I’ve applied to several graduate programs in comparative literature/Spanish Language and Literature. And I also applied for a Fulbright to go to Peru on an English Teaching Assistantship. I’d like to someday work on translating some of Salarrué’s other great pieces. It’s a goal of mine to make Salvadoran literature more accessible to others.

What advice do you have for other students interested in doing an honors/thesis research project?
Start as early as possible because your ideas can change. I know mine certainly did. I explored a lot of different threads. It took me some time to really find my path and develop this project. So I would say, give yourself some time. Also, find an advisor that you feel comfortable with. Dr. August was an incredible resource. He was very helpful and insightful. I strongly believe that if you’re not comfortable with your mentor, you won’t feel confident talking about your ideas. You might feel hesitant about taking a leap and throwing something out there. But when you find someone that is very supportive, those ideas no longer sound so impossible. And it is reassuring to know that someone’s listening to you and taking you seriously. He’s an incredible mentor.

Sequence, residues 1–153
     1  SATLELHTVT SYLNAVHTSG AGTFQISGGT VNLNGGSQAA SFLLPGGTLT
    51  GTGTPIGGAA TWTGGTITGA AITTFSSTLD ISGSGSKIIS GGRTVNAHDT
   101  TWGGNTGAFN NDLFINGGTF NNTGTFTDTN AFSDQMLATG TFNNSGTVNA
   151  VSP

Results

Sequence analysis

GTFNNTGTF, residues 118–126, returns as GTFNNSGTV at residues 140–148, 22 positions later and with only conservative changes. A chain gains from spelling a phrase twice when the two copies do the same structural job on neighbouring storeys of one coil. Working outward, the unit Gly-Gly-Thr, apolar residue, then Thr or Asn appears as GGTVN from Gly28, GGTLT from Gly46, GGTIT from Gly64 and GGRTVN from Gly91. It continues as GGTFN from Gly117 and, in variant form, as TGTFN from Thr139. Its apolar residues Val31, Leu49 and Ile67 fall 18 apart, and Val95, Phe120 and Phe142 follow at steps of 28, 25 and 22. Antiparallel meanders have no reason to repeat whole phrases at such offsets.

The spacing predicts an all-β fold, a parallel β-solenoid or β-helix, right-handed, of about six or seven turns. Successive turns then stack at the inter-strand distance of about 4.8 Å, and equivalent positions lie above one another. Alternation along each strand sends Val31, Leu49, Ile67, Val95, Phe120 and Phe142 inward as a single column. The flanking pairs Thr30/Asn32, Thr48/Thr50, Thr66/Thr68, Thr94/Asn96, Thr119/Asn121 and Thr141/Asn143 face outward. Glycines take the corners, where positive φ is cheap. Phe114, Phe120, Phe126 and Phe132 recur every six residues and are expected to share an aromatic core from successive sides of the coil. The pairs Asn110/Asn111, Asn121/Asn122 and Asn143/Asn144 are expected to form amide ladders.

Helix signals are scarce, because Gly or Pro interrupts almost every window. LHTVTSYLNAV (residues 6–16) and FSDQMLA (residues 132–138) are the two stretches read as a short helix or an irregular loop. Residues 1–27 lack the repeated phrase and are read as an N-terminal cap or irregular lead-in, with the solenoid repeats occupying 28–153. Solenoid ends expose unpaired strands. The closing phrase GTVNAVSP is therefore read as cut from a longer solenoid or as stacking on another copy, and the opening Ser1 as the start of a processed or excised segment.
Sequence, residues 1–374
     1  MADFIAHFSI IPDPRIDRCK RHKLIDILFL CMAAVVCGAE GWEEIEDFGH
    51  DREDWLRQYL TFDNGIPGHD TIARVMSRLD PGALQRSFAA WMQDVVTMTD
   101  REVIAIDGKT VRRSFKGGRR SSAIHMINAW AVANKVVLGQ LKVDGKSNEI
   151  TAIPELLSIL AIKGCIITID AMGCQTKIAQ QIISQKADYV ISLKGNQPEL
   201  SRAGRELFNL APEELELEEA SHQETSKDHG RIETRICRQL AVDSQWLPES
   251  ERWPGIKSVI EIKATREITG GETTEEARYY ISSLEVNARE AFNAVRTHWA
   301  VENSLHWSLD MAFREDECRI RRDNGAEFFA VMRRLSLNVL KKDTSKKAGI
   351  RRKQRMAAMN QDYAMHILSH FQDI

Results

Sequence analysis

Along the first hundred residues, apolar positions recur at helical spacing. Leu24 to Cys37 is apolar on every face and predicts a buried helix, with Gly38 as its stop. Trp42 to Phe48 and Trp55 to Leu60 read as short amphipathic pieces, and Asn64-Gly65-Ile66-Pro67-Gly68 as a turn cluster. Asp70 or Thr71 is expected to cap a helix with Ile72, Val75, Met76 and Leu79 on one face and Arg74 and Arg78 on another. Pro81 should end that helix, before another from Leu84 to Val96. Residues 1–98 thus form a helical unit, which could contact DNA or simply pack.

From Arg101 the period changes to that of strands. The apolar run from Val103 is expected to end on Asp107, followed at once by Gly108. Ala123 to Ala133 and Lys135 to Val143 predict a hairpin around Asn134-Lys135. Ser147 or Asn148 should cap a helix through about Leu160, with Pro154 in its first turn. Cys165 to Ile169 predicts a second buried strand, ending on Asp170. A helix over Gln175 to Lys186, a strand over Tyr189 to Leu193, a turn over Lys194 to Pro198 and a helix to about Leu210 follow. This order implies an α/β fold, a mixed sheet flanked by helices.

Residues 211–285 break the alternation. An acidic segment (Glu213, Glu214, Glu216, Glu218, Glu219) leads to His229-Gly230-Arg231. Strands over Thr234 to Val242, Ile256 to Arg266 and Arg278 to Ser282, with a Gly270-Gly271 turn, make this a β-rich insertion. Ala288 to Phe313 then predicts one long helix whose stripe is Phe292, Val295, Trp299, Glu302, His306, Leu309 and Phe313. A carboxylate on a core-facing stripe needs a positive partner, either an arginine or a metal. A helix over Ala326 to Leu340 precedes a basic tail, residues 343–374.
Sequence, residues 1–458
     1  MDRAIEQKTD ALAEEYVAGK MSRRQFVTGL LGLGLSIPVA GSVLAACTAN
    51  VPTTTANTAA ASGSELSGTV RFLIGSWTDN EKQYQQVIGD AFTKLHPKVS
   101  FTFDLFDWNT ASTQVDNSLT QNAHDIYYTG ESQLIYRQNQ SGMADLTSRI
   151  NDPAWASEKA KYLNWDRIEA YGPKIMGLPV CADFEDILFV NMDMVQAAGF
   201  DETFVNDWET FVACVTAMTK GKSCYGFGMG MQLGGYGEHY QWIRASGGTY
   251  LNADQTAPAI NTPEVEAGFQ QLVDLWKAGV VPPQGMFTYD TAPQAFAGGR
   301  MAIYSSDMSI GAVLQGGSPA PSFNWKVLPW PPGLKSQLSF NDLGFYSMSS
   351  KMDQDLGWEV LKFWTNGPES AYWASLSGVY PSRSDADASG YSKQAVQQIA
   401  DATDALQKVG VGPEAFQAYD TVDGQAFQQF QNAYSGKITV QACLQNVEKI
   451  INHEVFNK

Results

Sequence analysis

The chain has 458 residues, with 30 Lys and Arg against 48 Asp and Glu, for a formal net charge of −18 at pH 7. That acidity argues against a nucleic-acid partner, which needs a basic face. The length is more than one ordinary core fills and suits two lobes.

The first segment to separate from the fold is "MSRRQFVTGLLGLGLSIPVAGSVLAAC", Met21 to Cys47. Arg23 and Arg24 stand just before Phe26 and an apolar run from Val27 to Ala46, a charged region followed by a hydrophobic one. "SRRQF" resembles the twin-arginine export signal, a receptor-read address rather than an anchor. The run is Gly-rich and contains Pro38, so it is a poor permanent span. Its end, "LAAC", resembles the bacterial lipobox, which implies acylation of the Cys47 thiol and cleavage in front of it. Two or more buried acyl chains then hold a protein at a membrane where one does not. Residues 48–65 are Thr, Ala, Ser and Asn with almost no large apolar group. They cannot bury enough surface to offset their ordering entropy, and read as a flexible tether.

And of course, read a lot! There are incredible resources all over campus, so go ahead and explore them. Be sure to reach out to people. I reached out to a professor in El Salvador who responded immediately and was very helpful.We got into a Skype call and he gave me advice about key texts I should refer to. Professor Paul Firbas from the Hispanic Languages and Literature department was also a really important resource. I took a class with him this past semester, so his lectures alone were helpful. But he also offered me a lot of incredible advice about language and indigeneity, which really helped clarify some ideas that I was playing with but weren’t really exact. It’s important to be proactive and do a lot of research and put yourself out there and contact people.

Best of luck with completing your thesis. We look forward to seeing you present this project at URECA!
Thank you!I was so passionate about this project; it was a really incredible experience.And it’s made me so excited about my future. I feel like I have more direction and more clarity in terms of my future and what I’d like that to be. And now, I’m looking forward to presenting at URECA!